IRender Background Tab
The Background Tab is used to define background image and also for Ground Plane materials.
- Click Browse to select an image to use for the background.
- Click Clear to clear the background image.
- Visible - image is visible (will override any sky settings)
- Reflected - image is reflected in windows.
- This determines how the image is projected onto the sky of background.
Create Planar HDRi Image
- Converts a normal image to a HDRi background image.
- See: Planar HDRi Backgrounds
- Clear out Background Image
- Select HDRi Image from disk
Offsets and Scales
- Use the Image Layer Wizard to size and position the background image and set these values.
- for Cylindrical and Spherical Projections.
Maintain Aspect Ratio
- if this is not checked, the background image is stretched to fill the screen.
Adjust Center Line to Horizon
- If checked then the image will be scaled and offset so that the horizontal center line of the image matches the horizon of the current perspective view.
- The image is scaled and positioned so that it still fills the entire background of the rendered image.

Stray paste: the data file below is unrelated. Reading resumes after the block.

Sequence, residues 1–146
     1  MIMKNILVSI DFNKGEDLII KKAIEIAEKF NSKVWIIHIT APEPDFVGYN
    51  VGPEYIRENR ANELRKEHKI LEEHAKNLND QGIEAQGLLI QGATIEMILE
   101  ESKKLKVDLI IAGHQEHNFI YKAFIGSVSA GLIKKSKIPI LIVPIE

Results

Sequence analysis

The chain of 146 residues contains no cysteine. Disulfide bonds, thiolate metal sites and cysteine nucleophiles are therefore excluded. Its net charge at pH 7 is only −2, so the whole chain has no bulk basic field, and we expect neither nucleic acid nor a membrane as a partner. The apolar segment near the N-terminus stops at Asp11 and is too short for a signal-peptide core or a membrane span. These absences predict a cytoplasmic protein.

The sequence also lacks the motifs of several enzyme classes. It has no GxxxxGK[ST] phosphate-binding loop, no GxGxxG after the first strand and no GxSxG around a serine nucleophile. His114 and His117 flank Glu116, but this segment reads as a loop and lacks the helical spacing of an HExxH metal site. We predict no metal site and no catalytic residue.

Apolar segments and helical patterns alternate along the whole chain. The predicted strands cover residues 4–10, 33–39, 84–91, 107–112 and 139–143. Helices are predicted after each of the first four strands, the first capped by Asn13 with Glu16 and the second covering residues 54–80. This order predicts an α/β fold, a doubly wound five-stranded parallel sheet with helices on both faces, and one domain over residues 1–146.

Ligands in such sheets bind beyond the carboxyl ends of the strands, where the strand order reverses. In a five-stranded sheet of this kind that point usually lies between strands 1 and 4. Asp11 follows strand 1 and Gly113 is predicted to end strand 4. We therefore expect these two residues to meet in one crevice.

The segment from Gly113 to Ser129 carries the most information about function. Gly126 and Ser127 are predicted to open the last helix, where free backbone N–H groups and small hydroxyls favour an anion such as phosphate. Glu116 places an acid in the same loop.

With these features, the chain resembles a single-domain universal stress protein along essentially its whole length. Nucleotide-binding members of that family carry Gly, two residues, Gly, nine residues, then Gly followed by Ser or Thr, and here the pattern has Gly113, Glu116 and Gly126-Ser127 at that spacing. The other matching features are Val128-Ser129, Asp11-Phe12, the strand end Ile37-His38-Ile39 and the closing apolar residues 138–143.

- See: Horizon
- Resets Offsets, Scales and Rotation.
- Loads the Background Wizard to easily position and scale the background image.
- See: Background Image for examples.
Ground Plane Settings
- On - turns on the Ground Plane
- Alpha Channel - makes the ground plane transparent, but shows the shadows on the ground.
See: Alpha Channel
- Elevation - set the elevation of the ground plane.
- See: Ground Plane
Ground Plane Material
- From the Background Tab you can define and edit materials for the Ground Plane.
This lets you apply a grass texture for land, or a Procedural Bump Map and reflection to emulate water.
- See: Background Tab
Alpha Transparent Ground Plane
- With an Alpha Transparent Ground Plane, you can save the rendering as an Alpha Transparent image, and the ground plane will be transparent. However, shadows on the ground will be visible. This can be used to place the ground plane image on top of a background image and still see where the shadows would appear. (Of course this works best if you are placing he image on a flat surface.)